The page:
Chattahoochee River NRA Addition Protects 8-Mile Corridor Along the River
The Chattahoochee River National Recreation Area in suburban Atlanta is growing by 47 acres, which will nearly complete an eight-mile corridor of conserved public land along the river, The Trust for Public Land and the National Park Service announced today.
The Sugar Hill, Georgia, property off State Route 20 includes 1,700 feet of frontage along the Chattahoochee River. An outstanding cold water fishery, it is the most pristine section of the park. In 2011 brown trout were self-sustaining in these waters for the first time in recent memory.
“The Chattahoochee River NRA is a wildly popular outdoor destination for the more than three million people who visit each year,” said Curt Soper, Georgia state director of The Trust for Public Land. “Protecting this land and finally connecting two pieces of the park will give people and their families more access to enjoy the river and to get outdoors.”
The National Park Service has prioritized the 47-acre property as an addition to the NRA for many years and The Trust for Public Land purchased it and 70 additional acres in October 2014. In January 2015, the 70 acres were sold to the City of Sugar Hill for use as a local park and natural area. These remaining 47 acres became part of the National Recreation Area today.
“This is an extremely important addition to the park,” said Bill Cox, superintendent of the Chattahoochee River National Recreation Area. “Purchasing property adjacent to the river is the single most important thing we can do to protect water quality in the Chattahoochee River. Now that this critical property has been purchased, it also becomes possible to work with interested partners in developing a continuous greenway trail that can provide for recreation and increase the support for protecting this incredible resource we have here in metropolitan Atlanta.”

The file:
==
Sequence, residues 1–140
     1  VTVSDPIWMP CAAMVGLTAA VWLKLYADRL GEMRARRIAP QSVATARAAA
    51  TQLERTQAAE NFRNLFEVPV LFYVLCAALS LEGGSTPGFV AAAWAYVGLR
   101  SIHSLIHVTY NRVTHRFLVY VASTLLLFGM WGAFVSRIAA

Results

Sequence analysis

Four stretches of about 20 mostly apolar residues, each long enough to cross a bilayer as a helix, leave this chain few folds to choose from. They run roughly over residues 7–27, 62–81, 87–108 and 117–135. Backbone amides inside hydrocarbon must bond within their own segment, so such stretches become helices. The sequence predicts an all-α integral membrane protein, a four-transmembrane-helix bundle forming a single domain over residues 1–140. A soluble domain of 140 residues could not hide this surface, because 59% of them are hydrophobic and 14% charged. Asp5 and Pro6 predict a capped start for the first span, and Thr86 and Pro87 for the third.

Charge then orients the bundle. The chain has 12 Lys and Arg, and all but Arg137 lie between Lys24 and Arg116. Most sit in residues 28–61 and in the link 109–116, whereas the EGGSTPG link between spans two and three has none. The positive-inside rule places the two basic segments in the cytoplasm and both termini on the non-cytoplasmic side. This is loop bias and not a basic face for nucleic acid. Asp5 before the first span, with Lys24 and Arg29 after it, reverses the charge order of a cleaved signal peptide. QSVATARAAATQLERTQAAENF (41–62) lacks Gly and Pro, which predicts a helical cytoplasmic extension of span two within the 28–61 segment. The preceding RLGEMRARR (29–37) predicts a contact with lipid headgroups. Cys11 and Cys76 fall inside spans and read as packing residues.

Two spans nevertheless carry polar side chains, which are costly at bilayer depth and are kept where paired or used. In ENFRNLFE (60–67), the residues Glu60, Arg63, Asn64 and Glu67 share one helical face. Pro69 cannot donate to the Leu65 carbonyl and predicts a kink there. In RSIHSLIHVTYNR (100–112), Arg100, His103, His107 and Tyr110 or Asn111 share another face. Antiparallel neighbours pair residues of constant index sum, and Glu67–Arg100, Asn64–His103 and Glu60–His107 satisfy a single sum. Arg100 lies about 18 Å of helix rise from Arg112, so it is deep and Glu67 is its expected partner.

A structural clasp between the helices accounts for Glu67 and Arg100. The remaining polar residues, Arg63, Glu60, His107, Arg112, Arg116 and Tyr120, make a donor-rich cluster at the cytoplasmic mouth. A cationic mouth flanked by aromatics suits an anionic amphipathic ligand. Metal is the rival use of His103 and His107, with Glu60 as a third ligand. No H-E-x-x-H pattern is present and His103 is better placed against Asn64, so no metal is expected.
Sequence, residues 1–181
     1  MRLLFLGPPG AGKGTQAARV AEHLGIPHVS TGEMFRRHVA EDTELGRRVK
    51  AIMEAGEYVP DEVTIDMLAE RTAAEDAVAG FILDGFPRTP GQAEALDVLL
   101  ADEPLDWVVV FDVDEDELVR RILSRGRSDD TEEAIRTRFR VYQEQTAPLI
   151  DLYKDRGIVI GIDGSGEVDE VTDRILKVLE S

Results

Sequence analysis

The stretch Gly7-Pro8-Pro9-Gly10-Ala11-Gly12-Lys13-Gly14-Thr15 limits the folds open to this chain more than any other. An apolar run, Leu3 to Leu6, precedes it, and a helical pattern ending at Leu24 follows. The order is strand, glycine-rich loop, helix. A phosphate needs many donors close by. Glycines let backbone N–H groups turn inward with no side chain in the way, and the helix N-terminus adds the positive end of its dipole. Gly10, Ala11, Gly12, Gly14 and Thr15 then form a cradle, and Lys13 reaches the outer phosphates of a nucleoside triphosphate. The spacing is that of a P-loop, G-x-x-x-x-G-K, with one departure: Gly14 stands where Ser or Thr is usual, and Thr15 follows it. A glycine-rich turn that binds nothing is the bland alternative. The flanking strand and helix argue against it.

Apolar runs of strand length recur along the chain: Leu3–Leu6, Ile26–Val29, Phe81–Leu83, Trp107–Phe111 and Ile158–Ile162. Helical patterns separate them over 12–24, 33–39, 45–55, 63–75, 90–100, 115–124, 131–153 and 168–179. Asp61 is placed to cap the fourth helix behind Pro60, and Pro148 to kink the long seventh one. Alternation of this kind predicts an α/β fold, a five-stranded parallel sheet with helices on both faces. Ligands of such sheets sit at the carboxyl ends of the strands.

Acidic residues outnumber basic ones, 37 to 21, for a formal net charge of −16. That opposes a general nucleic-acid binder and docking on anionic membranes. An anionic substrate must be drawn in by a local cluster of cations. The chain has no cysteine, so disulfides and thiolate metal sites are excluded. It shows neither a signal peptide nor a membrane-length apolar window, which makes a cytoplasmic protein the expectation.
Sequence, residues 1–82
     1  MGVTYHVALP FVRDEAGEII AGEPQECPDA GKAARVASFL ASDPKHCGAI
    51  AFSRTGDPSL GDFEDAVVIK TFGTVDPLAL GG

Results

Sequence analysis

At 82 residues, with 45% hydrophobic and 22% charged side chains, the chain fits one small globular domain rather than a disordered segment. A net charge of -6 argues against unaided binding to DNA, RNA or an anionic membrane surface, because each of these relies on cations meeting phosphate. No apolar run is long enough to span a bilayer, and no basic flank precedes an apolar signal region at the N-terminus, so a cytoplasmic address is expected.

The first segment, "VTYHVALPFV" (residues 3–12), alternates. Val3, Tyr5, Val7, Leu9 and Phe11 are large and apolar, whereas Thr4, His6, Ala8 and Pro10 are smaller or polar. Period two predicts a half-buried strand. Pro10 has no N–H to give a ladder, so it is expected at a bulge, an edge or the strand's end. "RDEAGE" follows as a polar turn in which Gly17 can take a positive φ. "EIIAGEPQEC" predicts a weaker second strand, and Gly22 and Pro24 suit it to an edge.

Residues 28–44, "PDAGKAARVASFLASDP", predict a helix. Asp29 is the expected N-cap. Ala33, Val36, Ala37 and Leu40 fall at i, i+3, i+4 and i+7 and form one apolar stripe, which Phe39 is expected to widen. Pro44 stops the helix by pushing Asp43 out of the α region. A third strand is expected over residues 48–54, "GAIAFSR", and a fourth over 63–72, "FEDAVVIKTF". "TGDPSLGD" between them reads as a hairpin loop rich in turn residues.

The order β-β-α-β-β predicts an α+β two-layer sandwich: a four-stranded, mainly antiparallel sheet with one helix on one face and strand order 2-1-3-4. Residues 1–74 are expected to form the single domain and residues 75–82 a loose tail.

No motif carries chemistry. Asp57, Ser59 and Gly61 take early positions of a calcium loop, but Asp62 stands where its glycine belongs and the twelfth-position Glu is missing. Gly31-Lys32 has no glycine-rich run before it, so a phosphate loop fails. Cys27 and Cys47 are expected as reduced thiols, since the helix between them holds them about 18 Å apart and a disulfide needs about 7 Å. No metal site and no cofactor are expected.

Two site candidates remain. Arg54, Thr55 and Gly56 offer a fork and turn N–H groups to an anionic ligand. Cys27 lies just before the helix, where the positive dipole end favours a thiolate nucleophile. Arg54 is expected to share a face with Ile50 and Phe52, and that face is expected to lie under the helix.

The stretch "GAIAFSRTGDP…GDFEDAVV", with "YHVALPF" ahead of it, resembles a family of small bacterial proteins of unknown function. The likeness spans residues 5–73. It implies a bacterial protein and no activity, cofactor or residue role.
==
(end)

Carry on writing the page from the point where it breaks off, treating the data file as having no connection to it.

The Trust for Public Land purchased the 117-acre property for $5.2 million. The City of Sugar Hill paid $1.5 million for its 70-acre portion and the National Park Service paid $385,000 for its portion, using funding from the Land and Water Conservation Fund (LWCF), the federal government’s main source of funds to protect land. The balance of the land costs were provided through philanthropic gifts to The Trust for Public Land as part of the Chattahoochee River Land Protection campaign.
LWCF, which was created by Congress in 1965, is funded not through taxes, but through royalties paid by energy companies for offshore gas and oil drilling. The program expired late last year but Congress recently extended the program for three years.
This is the second Chattahoochee River conservation project completed by The Trust for Public Land this month. On February 1 the City of Johns Creek announced a 133-acre addition to public lands near Rogers Bridge Trail and planned trail connections to nearby Duluth.